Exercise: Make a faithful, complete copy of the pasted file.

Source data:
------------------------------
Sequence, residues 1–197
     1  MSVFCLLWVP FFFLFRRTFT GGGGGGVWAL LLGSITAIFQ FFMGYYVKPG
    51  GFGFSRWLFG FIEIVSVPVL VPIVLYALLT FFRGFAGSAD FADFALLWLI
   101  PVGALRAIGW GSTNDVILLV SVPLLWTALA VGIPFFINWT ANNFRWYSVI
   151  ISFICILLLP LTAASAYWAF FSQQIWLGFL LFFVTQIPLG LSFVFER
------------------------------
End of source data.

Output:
Sequence, residues 1–197
     1  MSVFCLLWVP FFFLFRRTFT GGGGGGVWAL LLGSITAIFQ FFMGYYVKPG
    51  GFGFSRWLFG FIEIVSVPVL VPIVLYALLT FFRGFAGSAD FADFALLWLI
   101  PVGALRAIGW GSTNDVILLV SVPLLWTALA VGIPFFINWT ANNFRWYSVI
   151  ISFICILLLP LTAASAYWAF FSQQIWLGFL LFFVTQIPLG LSFVFER